## A community for students. Sign up today

Here's the question you clicked on:

## ranyai12 3 years ago Can Someone Please Help!! I tried solving this multiple times but IDK for sure what to do! I attached the problem!

• This Question is Closed
1. ranyai12

2. ranyai12

@dumbcow

3. ranyai12

@mahmit2012

4. phi

I think by "find the solution to the linearization around zero" they mean drop all high order terms from the equations. So the problem becomes x'= -2x-y y'= 9x-2y or $\frac{dx}{dt}= -2x-y$ $\frac{dy}{dt}= 9x-2y$ or using operator notation (where D is the operation derivative wrt t) (D+2)x + y = 0 9 x + (D+2)y=0

5. phi

you can solve by multiplying the top equation by -(D+2) and adding the equations -(D+2)^2 x - (D+2) y =0 -9 x +(D+2) y =0 (-D^2 -4D-4-9)x=0 the characteristic equation for this homogenous differential equation is D^2 -4D -13 = 0 the 2 root are -2± 3i the solution can take a number of forms (exponential, cos/sin, or phase-shifted sin) Picking the sin/cos form x= exp(-2t)*( A cos(3t) + B sin(3t)) where A and B are constants determined by the initial conditions. to find y, we can sub in for x in one of the equations, say the first one: y= -Dx -2x can you finish?

6. ranyai12

im sorry im confused! can you please finish

7. ranyai12

i need to see the woprk to understand because I originally did the matrix and got those roots then after that i got really confused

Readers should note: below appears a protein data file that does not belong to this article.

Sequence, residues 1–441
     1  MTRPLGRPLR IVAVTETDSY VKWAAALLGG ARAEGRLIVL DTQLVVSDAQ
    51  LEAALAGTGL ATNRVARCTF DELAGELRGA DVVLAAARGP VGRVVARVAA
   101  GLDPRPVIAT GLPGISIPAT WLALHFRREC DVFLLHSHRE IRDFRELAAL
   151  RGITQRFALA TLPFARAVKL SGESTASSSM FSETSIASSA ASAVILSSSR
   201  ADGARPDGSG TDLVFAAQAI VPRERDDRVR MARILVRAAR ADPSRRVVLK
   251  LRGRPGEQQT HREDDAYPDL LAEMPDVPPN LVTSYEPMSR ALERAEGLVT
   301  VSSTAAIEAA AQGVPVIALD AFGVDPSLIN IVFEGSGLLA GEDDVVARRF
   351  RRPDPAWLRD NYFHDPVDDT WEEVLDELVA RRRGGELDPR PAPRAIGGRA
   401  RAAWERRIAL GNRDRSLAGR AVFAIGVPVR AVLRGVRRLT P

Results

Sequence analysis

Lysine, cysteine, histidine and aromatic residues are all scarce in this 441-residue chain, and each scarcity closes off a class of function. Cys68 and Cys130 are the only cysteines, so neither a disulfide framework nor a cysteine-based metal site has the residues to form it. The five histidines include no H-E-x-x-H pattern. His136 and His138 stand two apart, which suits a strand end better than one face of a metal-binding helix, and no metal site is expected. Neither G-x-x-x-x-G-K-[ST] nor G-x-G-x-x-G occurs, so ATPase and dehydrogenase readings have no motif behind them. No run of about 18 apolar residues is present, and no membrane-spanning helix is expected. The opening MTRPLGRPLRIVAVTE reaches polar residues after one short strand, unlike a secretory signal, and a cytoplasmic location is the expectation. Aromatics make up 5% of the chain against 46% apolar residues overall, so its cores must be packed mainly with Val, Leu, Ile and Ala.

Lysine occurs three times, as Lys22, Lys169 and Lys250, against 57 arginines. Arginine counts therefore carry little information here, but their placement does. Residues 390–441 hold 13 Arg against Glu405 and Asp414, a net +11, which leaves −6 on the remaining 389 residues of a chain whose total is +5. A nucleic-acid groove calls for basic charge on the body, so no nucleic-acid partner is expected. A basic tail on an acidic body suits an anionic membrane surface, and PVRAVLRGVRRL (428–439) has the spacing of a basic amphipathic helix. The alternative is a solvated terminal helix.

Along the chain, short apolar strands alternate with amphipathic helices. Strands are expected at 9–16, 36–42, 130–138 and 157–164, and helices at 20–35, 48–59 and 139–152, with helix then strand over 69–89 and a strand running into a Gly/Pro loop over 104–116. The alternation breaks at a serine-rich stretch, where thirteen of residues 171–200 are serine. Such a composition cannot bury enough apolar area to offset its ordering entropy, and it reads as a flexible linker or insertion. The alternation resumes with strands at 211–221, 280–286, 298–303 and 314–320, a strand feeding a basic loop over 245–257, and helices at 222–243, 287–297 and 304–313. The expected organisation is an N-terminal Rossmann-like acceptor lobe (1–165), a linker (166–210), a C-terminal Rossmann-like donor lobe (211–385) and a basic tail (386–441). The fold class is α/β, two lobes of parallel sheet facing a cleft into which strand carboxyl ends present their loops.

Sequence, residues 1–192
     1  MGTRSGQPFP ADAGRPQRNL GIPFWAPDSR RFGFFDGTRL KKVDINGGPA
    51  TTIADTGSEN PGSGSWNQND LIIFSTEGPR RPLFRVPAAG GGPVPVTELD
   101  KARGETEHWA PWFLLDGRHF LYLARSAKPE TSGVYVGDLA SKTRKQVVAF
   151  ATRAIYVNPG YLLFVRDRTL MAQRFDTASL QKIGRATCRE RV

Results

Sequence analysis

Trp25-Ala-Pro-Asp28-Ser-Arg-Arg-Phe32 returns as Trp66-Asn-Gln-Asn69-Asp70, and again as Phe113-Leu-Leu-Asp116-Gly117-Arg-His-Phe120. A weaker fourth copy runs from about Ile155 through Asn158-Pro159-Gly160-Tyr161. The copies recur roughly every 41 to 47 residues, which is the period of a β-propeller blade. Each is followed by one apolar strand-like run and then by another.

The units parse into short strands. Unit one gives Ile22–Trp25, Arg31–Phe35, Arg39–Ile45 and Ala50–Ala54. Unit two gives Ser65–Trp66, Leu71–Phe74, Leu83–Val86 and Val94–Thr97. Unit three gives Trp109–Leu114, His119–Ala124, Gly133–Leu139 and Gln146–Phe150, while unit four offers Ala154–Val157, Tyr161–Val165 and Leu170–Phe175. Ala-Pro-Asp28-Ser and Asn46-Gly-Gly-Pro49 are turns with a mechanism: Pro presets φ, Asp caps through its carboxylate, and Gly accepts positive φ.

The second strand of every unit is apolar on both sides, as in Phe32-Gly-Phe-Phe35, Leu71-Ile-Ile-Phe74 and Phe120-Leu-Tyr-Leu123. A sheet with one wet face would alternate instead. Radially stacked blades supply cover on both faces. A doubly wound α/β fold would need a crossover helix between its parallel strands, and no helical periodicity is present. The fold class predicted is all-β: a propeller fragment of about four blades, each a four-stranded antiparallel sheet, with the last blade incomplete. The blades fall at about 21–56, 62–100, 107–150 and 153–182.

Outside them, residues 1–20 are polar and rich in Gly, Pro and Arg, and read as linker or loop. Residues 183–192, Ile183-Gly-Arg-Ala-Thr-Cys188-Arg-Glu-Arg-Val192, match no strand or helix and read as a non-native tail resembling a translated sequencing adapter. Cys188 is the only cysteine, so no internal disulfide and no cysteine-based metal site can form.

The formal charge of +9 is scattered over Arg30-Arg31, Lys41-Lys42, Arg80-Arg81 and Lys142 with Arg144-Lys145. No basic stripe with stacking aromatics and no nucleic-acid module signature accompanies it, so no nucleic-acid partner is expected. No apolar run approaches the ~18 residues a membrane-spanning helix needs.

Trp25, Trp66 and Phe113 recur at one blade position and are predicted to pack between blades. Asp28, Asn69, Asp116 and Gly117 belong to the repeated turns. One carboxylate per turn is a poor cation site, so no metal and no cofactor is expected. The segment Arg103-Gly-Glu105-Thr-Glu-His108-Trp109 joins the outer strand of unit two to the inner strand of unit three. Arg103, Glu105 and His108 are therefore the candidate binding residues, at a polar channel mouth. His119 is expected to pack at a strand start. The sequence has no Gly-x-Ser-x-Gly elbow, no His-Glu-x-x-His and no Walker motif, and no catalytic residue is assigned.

8. phi

can you find y given x= exp(-2t)*( A cos(3t) + B sin(3t)) and y= -Dx -2x where D means take the derivative with respect to t. ?

9. ranyai12

so in order to solve for y, you derive x?

10. phi

yes, that is one way. the first equation is x'= -2x-y having found x=exp(-2t)*( A cos(3t) + B sin(3t)) we can now find y

11. phi

once we have x and y, use the initial conditions to solve for the constants A and B

12. ranyai12

so y=x'-2(exp(-2t)*( A cos(3t) + B sin(3t)) )

13. phi

if you know x, you can find x' right?

14. ranyai12

right

15. phi

so find x' and plug into so y=x'-2(exp(-2t)*( A cos(3t) + B sin(3t)) )

16. phi

although I think the equation should be y= -x'-2(exp(-2t)*( A cos(3t) + B sin(3t)) ) (a minus sign in front of x')

17. ranyai12

ok i found x'=e^(-2t)((-3A-2B)sin(3t)+(3B-2A)cos(3t))

18. ranyai12

is that right

19. phi

looks good. now sub into y= -x'-2(exp(-2t)*( A cos(3t) + B sin(3t)) )

20. ranyai12

ok i did that and ended upo getting A=0.9 and B=31/30

21. ranyai12

is that what you got as well?

22. ranyai12

I ended up with x=(e^(-2t))((0.9cos(3t))+((31/30)sin(3t))) and y=-((e^(-2t)(143/30)sin(3t))+1.3cos(3t))-2(e^(-2t)(.9cos(3t)+(31/30)sin(3t))) and it ended up being wrong :(

23. phi

no, I will have to work through it to get the details.

24. ranyai12

im not sure what I did wrong because I did as you said and my end result was incorrect im not sure why though

25. ranyai12

but thanks

26. phi

I am sure it is a simple algebra mistake. start with y= -e^(-2t)((-3A-2B)sin(3t)+(3B-2A)cos(3t))-2(exp(-2t)*( A cos(3t) + B sin(3t)) ) factor out e^(-2t) $e^{-2t}(3Asin(3t)+2Bsin(3t)-3Bcos(3t)+2Acos(3t)-2Acos(3t)-2Bsin(3t))$ 2Bsin(3t)-2Bsin(3t) and 2Acos(3t)-2Acos(3t) cancel, so we get $y= e^{-2t}(3Asin(3t)-3Bcos(3t))$

27. phi

using y(0)= -0.5 and x(0)= 0.9 in x= exp(-2t)(Acos(3t)+B sin(3t)) --> A= 0.9 y= exp(-2t)(3Asin(3t)-3Bcos(3t))--> -3B= -1/2, B= 1/6 plugging in A and B we get x= exp(-2t)(0.9cos(3t)+(1/6)*sin(3t)) y= exp(-2t)(2.7 sin(3t) - 0.5 cos(3t))

28. ranyai12

thank you so much! i see where my calculation error was!

29. phi

yes, these problems require a lot of concentration on detail

30. ranyai12

they sure do!

#### Ask your own question

Sign Up
Find more explanations on OpenStudy
Privacy Policy